Previous View
 
APSnet Home
 
Plant Disease Home


VIEW ARTICLE

Research

Natural Incidence of Peanut Stunt Virus Infection in Hybrid Populations of Trifolium ambiguum T. repens. J. A. Anderson, Former Graduate Assistant, Department of Plant Pathology, University of Kentucky, Lexington 40546. S. A. Ghabrial, and N. L. Taylor. Professor, Department of Plant Pathology, and Professor, Department of Agronomy, University of Kentucky, Lexington 40546. Plant Dis. 75:156-159. Accepted for publication 18 July 1990. Copyright 1991 The American Phytopathological Society. DOI: 10.1094/PD-75-0156.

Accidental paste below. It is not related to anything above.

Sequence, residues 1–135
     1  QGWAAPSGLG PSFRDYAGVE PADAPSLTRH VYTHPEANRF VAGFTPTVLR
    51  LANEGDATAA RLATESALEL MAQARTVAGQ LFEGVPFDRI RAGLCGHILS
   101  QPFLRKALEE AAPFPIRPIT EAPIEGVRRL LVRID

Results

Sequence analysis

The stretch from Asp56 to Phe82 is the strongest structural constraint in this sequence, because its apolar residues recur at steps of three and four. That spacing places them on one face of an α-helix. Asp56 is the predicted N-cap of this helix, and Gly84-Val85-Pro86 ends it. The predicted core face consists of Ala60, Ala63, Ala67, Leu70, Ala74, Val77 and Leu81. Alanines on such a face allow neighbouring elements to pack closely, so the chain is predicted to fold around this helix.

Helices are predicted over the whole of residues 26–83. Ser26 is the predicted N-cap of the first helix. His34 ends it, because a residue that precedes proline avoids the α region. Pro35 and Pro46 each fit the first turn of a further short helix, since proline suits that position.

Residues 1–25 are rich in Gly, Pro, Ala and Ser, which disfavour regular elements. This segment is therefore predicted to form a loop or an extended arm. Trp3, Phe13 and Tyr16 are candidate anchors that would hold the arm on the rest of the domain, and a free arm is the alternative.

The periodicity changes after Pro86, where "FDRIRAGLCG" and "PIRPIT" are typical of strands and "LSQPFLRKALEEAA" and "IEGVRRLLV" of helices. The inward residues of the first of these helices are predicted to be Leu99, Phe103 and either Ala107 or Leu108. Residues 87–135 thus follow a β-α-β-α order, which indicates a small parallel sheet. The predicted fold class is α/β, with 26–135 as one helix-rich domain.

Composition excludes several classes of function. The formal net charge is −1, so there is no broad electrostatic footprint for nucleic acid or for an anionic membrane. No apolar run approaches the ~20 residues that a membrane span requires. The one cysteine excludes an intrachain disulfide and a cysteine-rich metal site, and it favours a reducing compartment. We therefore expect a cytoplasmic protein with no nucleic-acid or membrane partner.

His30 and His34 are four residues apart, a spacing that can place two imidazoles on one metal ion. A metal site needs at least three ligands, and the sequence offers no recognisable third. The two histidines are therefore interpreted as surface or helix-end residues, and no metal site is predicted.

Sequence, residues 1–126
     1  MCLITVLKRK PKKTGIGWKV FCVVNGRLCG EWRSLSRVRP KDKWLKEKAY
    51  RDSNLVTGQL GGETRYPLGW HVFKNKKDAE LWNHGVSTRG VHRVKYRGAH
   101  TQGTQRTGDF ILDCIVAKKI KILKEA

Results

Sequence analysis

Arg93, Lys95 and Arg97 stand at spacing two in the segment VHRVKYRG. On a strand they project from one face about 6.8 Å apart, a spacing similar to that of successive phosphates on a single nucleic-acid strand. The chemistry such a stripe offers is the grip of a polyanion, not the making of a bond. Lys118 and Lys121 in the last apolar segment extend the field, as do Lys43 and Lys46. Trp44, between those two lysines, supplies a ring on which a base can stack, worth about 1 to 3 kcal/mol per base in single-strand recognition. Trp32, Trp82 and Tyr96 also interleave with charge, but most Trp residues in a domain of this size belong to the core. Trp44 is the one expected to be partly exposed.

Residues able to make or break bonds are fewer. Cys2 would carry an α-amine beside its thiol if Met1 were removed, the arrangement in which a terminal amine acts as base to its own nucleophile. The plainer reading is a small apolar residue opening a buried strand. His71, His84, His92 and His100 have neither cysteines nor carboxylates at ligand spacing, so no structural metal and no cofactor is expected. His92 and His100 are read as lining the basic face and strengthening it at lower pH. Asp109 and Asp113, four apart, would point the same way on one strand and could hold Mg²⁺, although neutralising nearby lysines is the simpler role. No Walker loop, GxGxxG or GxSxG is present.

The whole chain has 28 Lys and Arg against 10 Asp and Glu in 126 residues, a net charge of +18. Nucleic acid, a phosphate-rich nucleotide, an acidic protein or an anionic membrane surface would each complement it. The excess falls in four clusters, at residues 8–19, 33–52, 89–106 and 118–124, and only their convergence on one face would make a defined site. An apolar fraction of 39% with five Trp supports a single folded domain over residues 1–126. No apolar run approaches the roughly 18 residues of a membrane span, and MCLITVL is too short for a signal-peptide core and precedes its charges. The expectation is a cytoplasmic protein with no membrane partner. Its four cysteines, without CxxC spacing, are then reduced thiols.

A spaced-plant nursery was established in 1988 to evaluate the reactions to peanut stunt virus (PSV) of populations of kura (Trifolium ambiguum) and white (T. repens) clovers, F1 hybrids H-435 and H-262, F2 plants, first and second backcross plants of one F1 hybrid to white clover, and first backcross intercross plants. No PSV infection was detected in one of four first backcross progenies and two kura clover populations after 11 mo of field exposure. Two F1 hybrids and white clover checks had moderate to severe symptoms and high incidence of PSV infection. Second backcross progenies and backcross intercross progenies were apparently tolerant to PSV infection and had few or no symptoms despite very high virus incidence. Introgression of genes for PSV resistance from kura clover to white clover was not evident with the hybrid populations tested. Prospects for obtaining genes for resistance to PSV from the two interspecific hybrids tested are doubtful.